Trying to Drive in Japan #2

Japanese traffic lightsJapan, like most developed countries, has so many laws and rules to abide by that I find it all quite suffocating. I previously wrote about the ridiculous number of traffic lights in Japan, and since I’m driving for an hour and a half every day I can’t help but get frustrated, and a frustrated driver is not a safe driver.

So let me get this straight. Traffic lights are there to prevent accidents, right? But too many traffic lights cause road rage and therefore, more accidents. It sounds like we’ll come full circle so let’s just scrap all the lights completely and take some responsibility for our own actions, without City Hall acting all over-protective.

This is the kind of thing that runs through my head as I sit at the lights. These are the same lights I hit everyday. They are always red when I get to them. I swear they are timed to turn red just as the traffic from the previous set of lights reaches them. There are no cars coming from the left and no cars coming from the right. I can see a good mile in either direction because there’s nothing but rice fields along this road. Do I really need to be told when it’s safe to go? Can’t I make that decision for myself?

While city officials will argue that traffic lights save lives, I would have thought a few pavements would save more. With all its narrow streets, pedestrians are forced to walk on the roads, and barely a week passes without someone getting run down by a car.

Driving to work in Japan is a horrible experience. On a day free of traffic jams, you could either arrive 15 minutes early or 15 minutes late depending on the lights. Even if you accept you have no control over what time you’ll arrive, you’ll still have to put up with the maniacs that race to beat each signal before it turns red. Did I mention that an amber light in Japan means “put your foot down or you won’t make it”?

I’ve just been explaining this all to Mami and she finds my opinions ever so amusing. Fortunately, as I argue in favor of scrapping traffic lights, I have some European traffic planners in my corner:

European traffic planners are dreaming of streets free of rules and directives. They want drivers and pedestrians to interact in a free and humane way, as brethren — by means of friendly gestures, nods of the head and eye contact, without the harassment of prohibitions, restrictions and warning signs.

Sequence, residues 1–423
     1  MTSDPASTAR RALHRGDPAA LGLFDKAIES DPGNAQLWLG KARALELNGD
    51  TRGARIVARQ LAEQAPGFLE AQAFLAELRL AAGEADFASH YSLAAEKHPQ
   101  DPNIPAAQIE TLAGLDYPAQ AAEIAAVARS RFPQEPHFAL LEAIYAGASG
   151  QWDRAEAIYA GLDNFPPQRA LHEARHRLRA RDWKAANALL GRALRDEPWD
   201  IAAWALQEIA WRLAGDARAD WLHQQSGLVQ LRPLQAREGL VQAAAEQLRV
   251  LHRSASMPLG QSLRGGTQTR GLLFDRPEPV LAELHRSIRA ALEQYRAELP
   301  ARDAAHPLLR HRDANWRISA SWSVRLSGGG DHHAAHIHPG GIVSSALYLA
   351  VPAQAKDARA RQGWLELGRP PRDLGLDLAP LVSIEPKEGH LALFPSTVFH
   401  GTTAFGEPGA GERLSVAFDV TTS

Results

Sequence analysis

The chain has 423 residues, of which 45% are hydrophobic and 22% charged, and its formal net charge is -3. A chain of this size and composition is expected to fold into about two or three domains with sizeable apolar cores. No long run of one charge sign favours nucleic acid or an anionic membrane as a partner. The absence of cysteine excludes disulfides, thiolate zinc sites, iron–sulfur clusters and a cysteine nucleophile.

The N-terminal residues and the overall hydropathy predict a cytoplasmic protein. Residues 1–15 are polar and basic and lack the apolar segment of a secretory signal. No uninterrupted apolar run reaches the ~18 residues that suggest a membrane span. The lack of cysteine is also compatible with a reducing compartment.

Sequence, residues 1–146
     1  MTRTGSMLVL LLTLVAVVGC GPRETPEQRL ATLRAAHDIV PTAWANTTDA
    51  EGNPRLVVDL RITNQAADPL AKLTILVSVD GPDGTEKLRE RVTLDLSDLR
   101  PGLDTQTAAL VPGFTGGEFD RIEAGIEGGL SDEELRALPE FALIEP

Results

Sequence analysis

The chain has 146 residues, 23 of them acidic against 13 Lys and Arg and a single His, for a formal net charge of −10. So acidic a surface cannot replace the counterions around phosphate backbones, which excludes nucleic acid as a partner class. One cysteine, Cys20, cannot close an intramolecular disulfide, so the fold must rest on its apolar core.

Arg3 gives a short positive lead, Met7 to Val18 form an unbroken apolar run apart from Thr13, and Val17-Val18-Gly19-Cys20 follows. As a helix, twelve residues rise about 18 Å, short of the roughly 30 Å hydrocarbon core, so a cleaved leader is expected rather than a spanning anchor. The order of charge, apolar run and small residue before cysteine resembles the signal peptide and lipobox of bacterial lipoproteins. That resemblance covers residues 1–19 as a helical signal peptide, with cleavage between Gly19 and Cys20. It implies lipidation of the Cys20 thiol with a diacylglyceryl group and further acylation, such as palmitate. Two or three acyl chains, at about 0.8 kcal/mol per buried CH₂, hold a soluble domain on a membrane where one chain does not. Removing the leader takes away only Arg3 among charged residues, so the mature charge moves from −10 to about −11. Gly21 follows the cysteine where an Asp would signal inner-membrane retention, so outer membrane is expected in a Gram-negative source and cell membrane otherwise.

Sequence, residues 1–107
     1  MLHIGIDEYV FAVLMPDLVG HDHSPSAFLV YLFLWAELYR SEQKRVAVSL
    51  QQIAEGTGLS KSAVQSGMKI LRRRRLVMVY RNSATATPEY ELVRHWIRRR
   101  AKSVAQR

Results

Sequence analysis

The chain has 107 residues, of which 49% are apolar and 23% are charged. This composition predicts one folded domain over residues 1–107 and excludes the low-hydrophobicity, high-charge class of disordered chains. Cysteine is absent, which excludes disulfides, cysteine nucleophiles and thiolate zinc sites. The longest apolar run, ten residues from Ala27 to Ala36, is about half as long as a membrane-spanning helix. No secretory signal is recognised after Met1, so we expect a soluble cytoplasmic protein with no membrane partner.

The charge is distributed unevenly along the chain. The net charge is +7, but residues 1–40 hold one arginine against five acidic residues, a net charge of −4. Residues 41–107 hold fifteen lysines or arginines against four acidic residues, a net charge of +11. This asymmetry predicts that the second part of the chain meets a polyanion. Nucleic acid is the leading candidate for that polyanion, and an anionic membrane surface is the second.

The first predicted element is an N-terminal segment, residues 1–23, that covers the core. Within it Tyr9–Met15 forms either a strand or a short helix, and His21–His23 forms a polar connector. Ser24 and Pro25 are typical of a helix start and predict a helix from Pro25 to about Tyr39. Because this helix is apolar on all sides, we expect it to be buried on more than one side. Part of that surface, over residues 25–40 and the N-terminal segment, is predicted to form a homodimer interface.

That quote is from a great article called European Cities Do Away with Traffic Signs. In it, they talk about Drachten, a small town in the Netherlands that has done away with nearly all its traffic lights and has seen a decrease in the number of accidents.

Strange as it may seem, the number of accidents has declined dramatically. Experts from Argentina and the United States have visited Drachten. Even London has expressed an interest in this new example of automobile anarchy. And the model is being tested in the British capital’s Kensington neighborhood.

Could cities in Japan follow Drachten’s lead? Oh, how I wish!

3 comments

  1. Mike

    Yeah I totally understand you here Nick! What I don’t get is when Japanese people call the green light a blue light… It’s green, not blue! But they call it blue.. why is this? Do you know?

    • Nick Ramsay

      No, I don’t know, and neither do they! Isn’t it like calling a tomato a vegetable even though it’s technically a fruit? Anyway, I think we can all agree that it means “Go!” regardless of the color. Heck, you can call it pink for all I care, as long as it’s not red! 😉

  2. ジェイソン (Jason)

    The lights do seem poorly timed in Japan, which is something I’ll need to calmly accept while rushing to make the train to Nagoya everyday. I don’t think it would be wise to scrap all lights, though, as many Japanese drivers have very poor understandings of 4-way stops and proper merge techniques. Instead, I’d like to see the Japanese make more use of traffic sensors (they’re everywhere in Canada) to determine when to change the light.

    Red lights really only need to be used to control the speed of drivers (but not at *every* darned intersection) and to ensure a smooth flow of traffic at busy intersections.